STOMPIN’ AT THE SAVOY  --  Benny Goodman and his Orchestra, 1936
DOWN SOUTH CAMP MEETING  --  Benny Goodman & his Orch, live 1937
     Don't Be That Way
     Stomping at the Savoy
     On the Sunny Side
     Rose Room
     In a Mellotone
     Moon Glow
     One O’Clock Jump
     Sing, Sing, Sing, live NYC 1959
RIDIN’ HIGH  --  Benny Goodman and his Orchestra,  live NYC 1937

The “Let’s Dance” Broadcasts   

In 1934 Goodman got serious when he landed the Hot Music portion of the “Let’s Dance” network radio program transmitted to more than 50 radio stations.  He dished up the dance music steaming hot on the Saturday night coast-to-coast broadcasts.  It was a huge opportunity, his first national exposure and “the biggest thing that ever happened to me” said Benny.    

On the Pacific Coast, Goodman and his boys were considered standout stars of the “Let’s Dance” programs.  Due to the three-hour time difference, Benny’s late-night shows from the East were broadcast in prime time on the Pacific coast.  “Let’s Dance” was wildly popular with teenagers who craved the music of Benny Goodman and his Orchestra.  They became the preferred soundtrack in the Pacific Time zone for Saturday night dance parties in front of the parlor radio.  But neither Benny, the band, nor booking agencies realized just how popular his music was in the West.

The Palomar Ballroom Breakout

During an otherwise desultory 1935 cross-country national tour, and much to their surprise, the band was received with wild enthusiasm West of the Rockies.  Playing to huge crowds in San Francisco and Oakland, California, their legendary breakout happened at their final destination in Los Angeles at the popular Palomar Ballroom.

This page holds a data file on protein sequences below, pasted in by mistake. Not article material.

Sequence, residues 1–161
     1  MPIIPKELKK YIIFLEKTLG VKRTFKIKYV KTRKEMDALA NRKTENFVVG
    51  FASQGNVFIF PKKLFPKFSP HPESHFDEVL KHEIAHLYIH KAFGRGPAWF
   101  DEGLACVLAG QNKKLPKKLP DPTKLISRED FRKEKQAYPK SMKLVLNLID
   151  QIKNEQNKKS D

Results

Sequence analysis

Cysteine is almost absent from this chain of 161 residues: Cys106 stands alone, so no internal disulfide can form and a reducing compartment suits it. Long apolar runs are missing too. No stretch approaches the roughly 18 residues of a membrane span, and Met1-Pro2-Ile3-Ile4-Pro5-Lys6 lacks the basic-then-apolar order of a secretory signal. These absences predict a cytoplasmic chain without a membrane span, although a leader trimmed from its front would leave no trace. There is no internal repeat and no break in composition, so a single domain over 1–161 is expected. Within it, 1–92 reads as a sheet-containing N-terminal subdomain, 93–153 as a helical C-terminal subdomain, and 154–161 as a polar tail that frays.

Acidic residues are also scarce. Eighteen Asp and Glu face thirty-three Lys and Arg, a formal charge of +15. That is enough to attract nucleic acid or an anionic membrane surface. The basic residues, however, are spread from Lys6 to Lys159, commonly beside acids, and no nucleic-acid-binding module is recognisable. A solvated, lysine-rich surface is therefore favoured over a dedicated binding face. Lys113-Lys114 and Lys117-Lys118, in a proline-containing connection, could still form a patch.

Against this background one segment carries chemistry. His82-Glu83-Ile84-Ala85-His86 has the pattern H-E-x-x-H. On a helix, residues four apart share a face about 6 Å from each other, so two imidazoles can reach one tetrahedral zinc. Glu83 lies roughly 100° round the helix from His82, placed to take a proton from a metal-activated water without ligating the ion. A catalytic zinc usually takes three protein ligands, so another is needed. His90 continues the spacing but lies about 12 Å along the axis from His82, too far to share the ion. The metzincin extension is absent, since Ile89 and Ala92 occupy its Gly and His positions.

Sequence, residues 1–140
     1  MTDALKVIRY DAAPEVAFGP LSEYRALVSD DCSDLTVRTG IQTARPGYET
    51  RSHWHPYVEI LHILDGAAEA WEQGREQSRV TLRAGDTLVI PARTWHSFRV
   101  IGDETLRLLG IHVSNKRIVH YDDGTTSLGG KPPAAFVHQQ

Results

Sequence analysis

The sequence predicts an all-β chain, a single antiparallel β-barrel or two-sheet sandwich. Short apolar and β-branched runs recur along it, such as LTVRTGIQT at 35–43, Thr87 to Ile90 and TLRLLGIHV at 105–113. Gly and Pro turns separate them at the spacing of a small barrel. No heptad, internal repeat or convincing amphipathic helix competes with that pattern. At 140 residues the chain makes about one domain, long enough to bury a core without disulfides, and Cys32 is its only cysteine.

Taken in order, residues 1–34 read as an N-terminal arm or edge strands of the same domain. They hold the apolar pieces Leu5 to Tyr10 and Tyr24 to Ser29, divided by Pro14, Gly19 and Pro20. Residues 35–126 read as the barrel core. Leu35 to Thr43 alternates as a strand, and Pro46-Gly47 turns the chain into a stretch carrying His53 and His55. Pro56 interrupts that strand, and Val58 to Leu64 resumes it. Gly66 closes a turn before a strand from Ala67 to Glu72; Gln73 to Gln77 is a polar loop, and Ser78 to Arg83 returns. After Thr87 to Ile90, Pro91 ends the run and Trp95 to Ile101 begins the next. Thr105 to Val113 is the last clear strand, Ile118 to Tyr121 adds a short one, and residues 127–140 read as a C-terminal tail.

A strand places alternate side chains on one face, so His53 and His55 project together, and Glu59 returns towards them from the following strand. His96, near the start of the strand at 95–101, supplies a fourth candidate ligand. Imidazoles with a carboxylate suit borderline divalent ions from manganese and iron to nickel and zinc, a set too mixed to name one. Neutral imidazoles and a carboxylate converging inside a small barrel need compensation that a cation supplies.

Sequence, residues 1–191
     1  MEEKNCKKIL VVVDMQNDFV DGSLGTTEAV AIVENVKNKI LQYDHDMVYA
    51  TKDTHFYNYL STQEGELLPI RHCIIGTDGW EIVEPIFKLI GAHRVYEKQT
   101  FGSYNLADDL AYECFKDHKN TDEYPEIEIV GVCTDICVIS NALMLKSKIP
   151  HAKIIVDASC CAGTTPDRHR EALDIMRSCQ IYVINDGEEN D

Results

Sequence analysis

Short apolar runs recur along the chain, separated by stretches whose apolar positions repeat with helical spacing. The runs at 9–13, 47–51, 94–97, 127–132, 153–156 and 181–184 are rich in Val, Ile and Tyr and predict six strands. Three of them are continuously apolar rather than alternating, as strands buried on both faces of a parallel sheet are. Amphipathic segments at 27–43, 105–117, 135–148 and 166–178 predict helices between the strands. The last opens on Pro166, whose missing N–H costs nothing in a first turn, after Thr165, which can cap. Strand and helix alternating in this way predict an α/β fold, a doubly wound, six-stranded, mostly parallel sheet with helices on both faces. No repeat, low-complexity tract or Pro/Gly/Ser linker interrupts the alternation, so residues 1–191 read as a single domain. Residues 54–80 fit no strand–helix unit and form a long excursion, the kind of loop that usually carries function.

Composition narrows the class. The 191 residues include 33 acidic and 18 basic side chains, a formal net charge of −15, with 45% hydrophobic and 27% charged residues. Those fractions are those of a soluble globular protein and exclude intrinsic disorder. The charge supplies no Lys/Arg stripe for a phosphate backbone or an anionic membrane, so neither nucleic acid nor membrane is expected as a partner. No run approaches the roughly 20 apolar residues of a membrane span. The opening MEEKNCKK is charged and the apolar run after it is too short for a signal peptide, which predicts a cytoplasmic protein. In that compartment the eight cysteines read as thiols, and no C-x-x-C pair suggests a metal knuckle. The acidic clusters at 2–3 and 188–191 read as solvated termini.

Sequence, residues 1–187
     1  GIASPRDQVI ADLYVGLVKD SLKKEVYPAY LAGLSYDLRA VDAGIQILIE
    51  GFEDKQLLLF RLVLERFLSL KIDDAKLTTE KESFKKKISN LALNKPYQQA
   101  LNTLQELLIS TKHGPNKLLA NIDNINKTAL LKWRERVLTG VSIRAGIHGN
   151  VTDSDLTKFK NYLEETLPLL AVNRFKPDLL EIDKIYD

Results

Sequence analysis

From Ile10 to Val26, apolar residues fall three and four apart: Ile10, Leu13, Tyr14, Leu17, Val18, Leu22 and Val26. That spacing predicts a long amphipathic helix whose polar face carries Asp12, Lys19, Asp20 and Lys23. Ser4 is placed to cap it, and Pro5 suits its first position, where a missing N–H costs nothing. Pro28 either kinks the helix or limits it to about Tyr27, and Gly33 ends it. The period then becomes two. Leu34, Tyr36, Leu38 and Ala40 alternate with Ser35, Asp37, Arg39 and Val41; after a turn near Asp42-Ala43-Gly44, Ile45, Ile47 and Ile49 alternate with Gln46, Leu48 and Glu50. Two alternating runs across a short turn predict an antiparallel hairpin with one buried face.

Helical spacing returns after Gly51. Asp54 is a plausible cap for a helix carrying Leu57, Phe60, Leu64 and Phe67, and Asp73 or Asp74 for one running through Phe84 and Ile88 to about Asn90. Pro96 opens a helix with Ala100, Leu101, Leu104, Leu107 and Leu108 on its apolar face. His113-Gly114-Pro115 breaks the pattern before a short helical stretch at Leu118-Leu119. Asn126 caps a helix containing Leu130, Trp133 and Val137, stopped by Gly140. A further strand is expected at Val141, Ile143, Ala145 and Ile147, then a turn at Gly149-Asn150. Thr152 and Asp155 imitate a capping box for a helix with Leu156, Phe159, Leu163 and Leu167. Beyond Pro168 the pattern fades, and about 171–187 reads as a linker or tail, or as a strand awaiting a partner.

They were a colossal success at The Palomar and wildly popular with the young Jitterbug dancers and Lindy-hoppers.  The Palomar appearance was extended.  Word got out.   The records sold like hot cakes and bookings flooded in.  Soon the influential Down Beat Magazine was featuring Goodman in every issue often with front-page coverage.

Part 2 - Benny Goodman’s small bands

Benny Goodman 2A.mp3
SLIPPED DISC  --  The Bernny Goodman Qunitet, 1954
OH, LADY BE GOOD  --  The Benny Goodman Trio, 1935
BODY AND SOUL  --  The Benny Goodman Trio, 1935
MOONGLOW  --  The Benny Goodman Quartet, 1936
RUNNIN’ WILD  --  The Benny Goodman Quartet, 1937
OPUS 3/4  --  The Benny Goodman Quartet, 1939

Benny Goodman 2B.mp3
SEVEN COME ELEVEN  --  The Benny Goodman Sextet, 1939
AC-DC CURRENT  --  The Benny Goodman Sextet, 1939
FLYING HOME  --  The Benny Goodman Sextet, 1939
RACHEL’S DREAM  --  The Benny Goodman Quartet, 1945
HI’YA SOFIA  --  The Benny Goodman Quartet, 1947
I NEVER KNEW  --  The Benny Goodman Sextet, 1939
WHOLLY CATS  --  The Benny Goodman Sextet, 1940
BENNY’S BUGLE  --  The Benny Goodman Sextet, 1940
AIR MAIL SPECIAL  --  The Benny Goodman Sextet, 1941

Crowned the
King of Swing